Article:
In Ireland and across the world, biodiversity loss is accelerating. According to a recent report published by the Chatham House think tank, the global extinction rate is orders of magnitude higher than at any time in the last 10 million years.

The global food system is the main driver of this trend, the Chatham House report concluded. It pointed out that over the last 50 years or so, wildlife habitats and entire ecosystems have been destroyed at an ever increasing rate to clear land for agriculture.

Of the 28,000 or so species currently known to be at risk of extinction, some 86 per cent are primarily threatened by agriculture. Our efforts to feed a burgeoning human population approaching eight billion are taking an ever graver toll on nature. This is not, however, inevitable.

In total, around four fifths of the world’s farmland is used for animal agriculture, either to graze them directly, or to produce vast quantities of fodder for housed animals. Yet, the animals only provide around 18 per cent of the calories eaten by humans.

Eating food directly, such as bread, vegetables, nuts or fruit is vastly more efficient in terms of resources used than consuming animals and animal products.

Farmed animals now comprise around 60 per cent of the Earth’s mammals by weight, with humans accounting for another 36 per cent. That means that, by weight, just four per cent of the world’s mammals are wild. So-called cheap food comes with a high ecological price tag.

While the number of wild animals and insects is in freefall, it is estimated that there are now around 70 billion farmed animals in the world. These, along with billions of humans, all require food, fresh water and other resources. These are being consumed at a far faster rate than the natural world can provide.

By depleting biodiversity and crippling ecosystems, humanity is also putting its own survival at risk, the report added. However, while dire, the situation is far from hopeless. The first critical step is to shift human diets to be largely based on plants, rather than farmed animals.

A shift of this kind would also benefit the dietary health of populations around the world, and, crucially, reduce the risk of future devastating pandemics. The new report follows a similar study by the influential Lancet EAT Commission in 2019. It recommended a drastic 90 per cent cut in meat and dairy consumption if we are to avoid dangerous climate change and protect biodiversity.

Intensive food production systems in Ireland and around the world involve the heavy use of chemical inputs such as fertilizers and pesticides, and are often monocultures. Ireland’s famously green fields are not what they seem. Most are now largely biodiversity deserts, as they typically consist of a single species of ryegrass for livestock fodder and depend on chemicals.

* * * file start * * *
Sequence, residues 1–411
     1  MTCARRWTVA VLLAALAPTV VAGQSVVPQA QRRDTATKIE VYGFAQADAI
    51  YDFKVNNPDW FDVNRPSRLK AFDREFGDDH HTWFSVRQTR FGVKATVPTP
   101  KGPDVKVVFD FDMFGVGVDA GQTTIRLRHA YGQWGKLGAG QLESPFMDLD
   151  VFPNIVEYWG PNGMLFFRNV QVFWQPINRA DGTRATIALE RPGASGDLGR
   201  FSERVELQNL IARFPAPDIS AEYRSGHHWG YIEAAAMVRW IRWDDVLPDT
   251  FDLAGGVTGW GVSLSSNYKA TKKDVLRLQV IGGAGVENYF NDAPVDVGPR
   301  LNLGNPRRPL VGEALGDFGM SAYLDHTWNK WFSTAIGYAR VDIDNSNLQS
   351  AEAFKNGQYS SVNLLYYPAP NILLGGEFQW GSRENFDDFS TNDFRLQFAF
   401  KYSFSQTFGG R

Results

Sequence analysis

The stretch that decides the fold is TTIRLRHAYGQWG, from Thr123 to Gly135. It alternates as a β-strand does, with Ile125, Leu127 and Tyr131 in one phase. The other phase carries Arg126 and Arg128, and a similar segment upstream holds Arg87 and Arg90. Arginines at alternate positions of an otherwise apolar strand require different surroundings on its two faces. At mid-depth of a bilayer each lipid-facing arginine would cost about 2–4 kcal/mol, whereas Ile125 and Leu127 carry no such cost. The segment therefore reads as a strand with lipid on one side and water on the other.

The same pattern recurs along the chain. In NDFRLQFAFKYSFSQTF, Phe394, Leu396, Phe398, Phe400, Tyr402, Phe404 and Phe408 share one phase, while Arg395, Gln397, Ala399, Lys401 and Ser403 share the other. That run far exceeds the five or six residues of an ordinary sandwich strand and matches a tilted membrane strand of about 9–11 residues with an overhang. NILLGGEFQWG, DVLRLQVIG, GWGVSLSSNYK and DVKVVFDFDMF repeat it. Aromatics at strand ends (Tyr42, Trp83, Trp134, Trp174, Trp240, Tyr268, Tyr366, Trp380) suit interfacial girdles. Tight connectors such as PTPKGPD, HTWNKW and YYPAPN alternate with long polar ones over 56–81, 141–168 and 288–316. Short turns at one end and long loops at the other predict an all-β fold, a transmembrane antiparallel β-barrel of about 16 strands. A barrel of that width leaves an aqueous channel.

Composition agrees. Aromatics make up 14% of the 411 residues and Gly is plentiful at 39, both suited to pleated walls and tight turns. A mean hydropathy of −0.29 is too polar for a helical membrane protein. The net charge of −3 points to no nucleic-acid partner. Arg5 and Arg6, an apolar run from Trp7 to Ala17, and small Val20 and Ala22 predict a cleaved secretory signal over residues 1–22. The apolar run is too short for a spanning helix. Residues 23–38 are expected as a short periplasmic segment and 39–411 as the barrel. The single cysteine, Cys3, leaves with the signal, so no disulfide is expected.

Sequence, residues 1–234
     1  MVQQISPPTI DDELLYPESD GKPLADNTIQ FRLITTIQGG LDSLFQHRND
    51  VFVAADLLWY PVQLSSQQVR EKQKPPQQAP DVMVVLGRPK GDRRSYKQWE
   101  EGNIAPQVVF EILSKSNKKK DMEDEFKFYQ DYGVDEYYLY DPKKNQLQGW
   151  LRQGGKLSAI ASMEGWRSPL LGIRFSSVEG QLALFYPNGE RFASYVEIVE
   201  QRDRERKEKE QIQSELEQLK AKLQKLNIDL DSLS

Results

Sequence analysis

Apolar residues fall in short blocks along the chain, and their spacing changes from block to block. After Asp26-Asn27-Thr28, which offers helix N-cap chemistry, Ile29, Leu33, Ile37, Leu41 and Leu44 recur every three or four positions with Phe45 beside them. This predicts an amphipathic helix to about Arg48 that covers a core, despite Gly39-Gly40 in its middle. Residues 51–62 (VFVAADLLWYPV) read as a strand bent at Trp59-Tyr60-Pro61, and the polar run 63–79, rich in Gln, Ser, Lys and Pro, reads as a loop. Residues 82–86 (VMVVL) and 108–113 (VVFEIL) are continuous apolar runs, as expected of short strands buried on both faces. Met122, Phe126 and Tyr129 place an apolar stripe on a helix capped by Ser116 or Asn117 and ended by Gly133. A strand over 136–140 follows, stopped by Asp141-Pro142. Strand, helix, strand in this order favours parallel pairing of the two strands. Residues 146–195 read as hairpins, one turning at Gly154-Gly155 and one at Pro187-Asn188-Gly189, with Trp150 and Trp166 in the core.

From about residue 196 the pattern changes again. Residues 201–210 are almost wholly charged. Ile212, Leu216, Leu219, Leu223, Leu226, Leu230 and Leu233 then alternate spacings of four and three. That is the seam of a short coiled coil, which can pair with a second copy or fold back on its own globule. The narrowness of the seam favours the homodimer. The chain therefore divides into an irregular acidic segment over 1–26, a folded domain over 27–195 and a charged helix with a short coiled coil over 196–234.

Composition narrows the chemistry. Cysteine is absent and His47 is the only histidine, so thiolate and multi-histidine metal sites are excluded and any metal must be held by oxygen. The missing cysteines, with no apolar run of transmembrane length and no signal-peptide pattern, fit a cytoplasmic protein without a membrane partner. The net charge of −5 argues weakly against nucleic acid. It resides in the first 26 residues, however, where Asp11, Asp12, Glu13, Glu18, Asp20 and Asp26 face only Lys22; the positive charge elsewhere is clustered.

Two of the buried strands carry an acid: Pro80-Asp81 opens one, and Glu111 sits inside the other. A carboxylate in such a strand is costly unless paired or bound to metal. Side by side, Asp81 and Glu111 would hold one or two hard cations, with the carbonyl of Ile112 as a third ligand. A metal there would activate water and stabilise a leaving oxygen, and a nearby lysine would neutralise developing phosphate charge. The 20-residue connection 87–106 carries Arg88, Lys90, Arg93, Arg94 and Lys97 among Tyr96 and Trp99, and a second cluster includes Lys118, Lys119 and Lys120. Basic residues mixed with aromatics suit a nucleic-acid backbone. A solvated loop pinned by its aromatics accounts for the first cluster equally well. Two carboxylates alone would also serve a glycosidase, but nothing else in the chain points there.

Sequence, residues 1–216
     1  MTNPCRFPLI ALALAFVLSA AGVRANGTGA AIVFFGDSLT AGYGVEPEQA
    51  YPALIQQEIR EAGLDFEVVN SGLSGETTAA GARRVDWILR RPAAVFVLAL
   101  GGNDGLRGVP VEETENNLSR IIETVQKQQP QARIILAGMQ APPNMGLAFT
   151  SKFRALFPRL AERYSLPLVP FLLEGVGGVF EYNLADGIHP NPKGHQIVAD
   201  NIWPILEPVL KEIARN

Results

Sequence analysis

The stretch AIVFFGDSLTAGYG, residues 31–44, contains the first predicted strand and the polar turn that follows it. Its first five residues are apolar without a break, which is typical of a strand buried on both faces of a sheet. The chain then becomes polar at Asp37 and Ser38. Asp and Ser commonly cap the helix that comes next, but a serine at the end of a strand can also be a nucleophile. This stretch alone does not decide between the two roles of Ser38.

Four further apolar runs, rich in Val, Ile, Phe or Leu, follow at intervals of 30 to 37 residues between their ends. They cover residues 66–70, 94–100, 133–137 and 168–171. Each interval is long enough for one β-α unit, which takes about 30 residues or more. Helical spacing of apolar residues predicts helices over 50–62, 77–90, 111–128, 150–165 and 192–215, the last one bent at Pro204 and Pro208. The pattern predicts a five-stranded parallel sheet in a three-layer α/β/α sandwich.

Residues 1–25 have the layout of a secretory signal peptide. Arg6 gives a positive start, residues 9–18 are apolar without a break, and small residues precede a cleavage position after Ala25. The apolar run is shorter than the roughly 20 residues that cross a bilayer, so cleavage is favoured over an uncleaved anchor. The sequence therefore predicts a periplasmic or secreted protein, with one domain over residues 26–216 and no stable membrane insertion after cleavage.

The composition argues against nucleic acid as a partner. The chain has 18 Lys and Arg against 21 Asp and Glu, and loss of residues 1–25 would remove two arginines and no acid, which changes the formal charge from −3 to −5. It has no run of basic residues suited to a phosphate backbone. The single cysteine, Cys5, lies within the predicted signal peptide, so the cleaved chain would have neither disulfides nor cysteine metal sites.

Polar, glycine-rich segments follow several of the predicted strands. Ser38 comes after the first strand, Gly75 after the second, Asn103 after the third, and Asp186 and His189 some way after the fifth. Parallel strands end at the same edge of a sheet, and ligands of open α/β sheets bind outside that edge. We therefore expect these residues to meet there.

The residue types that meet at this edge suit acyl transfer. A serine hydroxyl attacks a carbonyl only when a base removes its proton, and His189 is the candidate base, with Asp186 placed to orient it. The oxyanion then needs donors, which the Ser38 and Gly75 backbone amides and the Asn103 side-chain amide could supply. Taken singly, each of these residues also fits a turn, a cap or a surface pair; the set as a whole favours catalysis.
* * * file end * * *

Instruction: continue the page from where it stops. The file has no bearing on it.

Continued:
Up until relatively recently, many Irish farmlands were havens of biodiversity, with meadows in particular supporting a wide range of wildlife, grasses and flowers. However, as agricultural practices intensified, this led to drainage of wetlands and clearing of ‘marginal’ lands. As a result, farmland birds such as the corncrake have virtually disappeared.

According to Birdwatch Ireland, many wild animals in Ireland are now facing extinction, with birds particularly hard hit. Shockingly, some 40 per cent of waterbirds have disappeared in just the last 20 years.

Organic farming, which involves food production without artificial fertilizers or pesticides, allows nature to exist in harmony with agriculture. Recognising the crucial importance of this, the EU recently published its ‘Farm To Fork’strategy, which aims to see one quarter of Europe’s farmland managed organically by 2030, with ambitious targets on cutting the use of chemical inputs.

Ireland, despite trading heavily on its ‘green’ reputation for food production, has barely two per cent of its land farmed organically. It would require a revolutionary shift for our systems and attitudes to both farming and nature to see Ireland come into line with the new EU targets.

Today, barely a quarter of the world’s agricultural land is used for growing crops for human consumption, yet this land produces the vast majority of the global calorie supply. Sharply reducing the number of farm animals would reduce greenhouse gas emissions while also freeing up millions of hectares for crucial rewilding, to allow the natural world the space to begin to recover and regenerate.